From Our Briefings Newsletter

Published on17 SEP 2018

The article below is from our BRIEFINGS newsletter of 17 September 2018:

Briefly . . . on Cord Cutting, Convergence and Competition in Media and Telecom 

Nearly 100 telecommunications and media executives, including AT&T CEO Randall Stephenson, Verizon CEO Hans Vestberg and Viacom CEO Bob Bakish, presented at Goldman Sachs’ 27th Annual Communacopia Conference in New York last week to discuss improving business trends amid structural long-term challenges and consolidation. We sat down with Brett Feldman and Drew Borst of Goldman Sachs Research who brought us up to speed on everything from cord cutting to 5G. 

Can you describe the sentiment and tone among participants?

Brett Feldman: I would say it’s a positive near-term and cloudy long-term story. After years of deceleration, broadband subscriber growth has increased while subscriptions' premium ‘postpaid’ plans in the wireless sector have also re-accelerated. The strong economy has probably driven these improvements, but investors are still struggling with the long-term growth profile of these businesses as the sector goes through structural changes. For example, one of the themes we’ve been highlighting for investors is the emerging turf war between cable and wireless companies. Historically these companies, with their distinct infrastructure and services, have operated in their own silos. Cable companies provide consumers with video and broadband services, while wireless firms provide mobile connectivity. Today, however, we’re seeing these two groups enter each other’s businesses. We’ve seen the largest cable companies launch wireless services which they now include in their bundled offerings, while Verizon is getting ready to launch a 5G residential service that will serve as a cable broadband alternative.

Drew Borst: Everybody is basically competing with everyone. Cable companies are competing with telcos in mobile phone services. Telcos are launching 5G wireless. Media companies are aiming to go directly to consumers with content offerings. And traditional internet companies are offering live TV services. All this competition is good for the consumer but creates a challenging environment for investors who are trying to  assess the winners and losers.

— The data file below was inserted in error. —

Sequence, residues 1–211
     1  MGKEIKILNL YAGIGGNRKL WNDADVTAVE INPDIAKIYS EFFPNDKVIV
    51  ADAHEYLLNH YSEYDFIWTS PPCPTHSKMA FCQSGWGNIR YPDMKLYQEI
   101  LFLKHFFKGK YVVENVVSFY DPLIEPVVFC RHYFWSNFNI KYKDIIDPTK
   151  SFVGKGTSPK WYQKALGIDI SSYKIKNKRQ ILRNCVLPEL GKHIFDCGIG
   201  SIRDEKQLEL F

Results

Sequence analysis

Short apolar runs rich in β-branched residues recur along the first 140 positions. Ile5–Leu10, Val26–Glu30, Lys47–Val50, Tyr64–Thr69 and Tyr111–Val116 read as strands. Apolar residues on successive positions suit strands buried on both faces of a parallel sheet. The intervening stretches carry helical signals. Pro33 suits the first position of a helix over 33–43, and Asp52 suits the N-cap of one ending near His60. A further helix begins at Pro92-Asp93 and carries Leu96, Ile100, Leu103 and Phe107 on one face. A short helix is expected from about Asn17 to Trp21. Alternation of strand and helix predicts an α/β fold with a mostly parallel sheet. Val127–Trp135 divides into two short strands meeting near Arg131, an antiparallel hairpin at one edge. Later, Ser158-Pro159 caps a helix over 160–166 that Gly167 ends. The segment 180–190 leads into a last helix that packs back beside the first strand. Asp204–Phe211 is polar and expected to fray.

How is consolidation and M&A affecting these companies’ business models?

BF: For one, the recent M&A activity in our sectors is changing the way video content is delivered to customers. With AT&T’s acquisition of Time Warner, for example, AT&T can tap its wealth of data on its wireless customers to determine how to tailor and position advertising against Time Warmer content. Broadband networks, which include mobile networks, have become a new form of video distribution. That’s great news for content providers which have more ways to reach consumers, but it’s disruptive for traditional video distributors, such as cable or satellite companies.

DB: Investors, for their part, have been generally lukewarm about the recent wave of mergers between traditional cable companies and content providers. For context, the last two decades of consolidation in the telecom sector have been characterized by similar businesses combining to find cost efficiencies and create better products. But the latest wave of M&A combines businesses in different sectors. That introduces more strategic and financial risks into the combined companies. 

Let’s pivot to the consumer. Anything surprising to report on the cord-cutting front?

DB: The fact that people aren’t watching as much live TV as they used to continues to pressure TV advertising. But despite a challenging backdrop, there’s healthy demand from big corporations for TV advertising due, in part, to the healthy US economy as well as a backlash against digital advertising in light of recent privacy concerns on social media and online platforms. TV ads are a known quantity. So while the consumption side is still a headwind, the advertising – which is still a big revenue driver for media companies – has strengthened.

At the same time, the market for people who are willing to pay for a live TV subscription is growing for the first time in five years. For media companies that’s very encouraging. The improvement is being driven by a new class of internet-based, live streaming  services – including Sling, DirecTV Now, YouTube TV, Hulu Live, and  Sony Playstation Vue. These services offer many of the same channels that are offered through traditional cable and satellite TV services but the bundles have fewer channels and lower prices. Meanwhile, subscriptions for traditional cable and satellite services are still declining but that decline rate has bottomed out for the last three quarters. In other words, consumers are still continuing to cut the cord on cable and satellite payTV but the rate of decline has stabilized. 

The wireless carriers are also focusing on greater accessibility and more content in their unlimited data plans. How have consumers responded? 

BF: A year ago, investors had expected a race to the bottom in the wireless space as companies rushed to offer their unlimited plans. Instead, we’ve seen a segment of the US population that had previously opted for the cheaper, prepaid plans upgrade to the premium plans since they saw more value in the offerings. That migration – combined with a stronger economy and rising wages – has helped to reinvigorate the wireless market.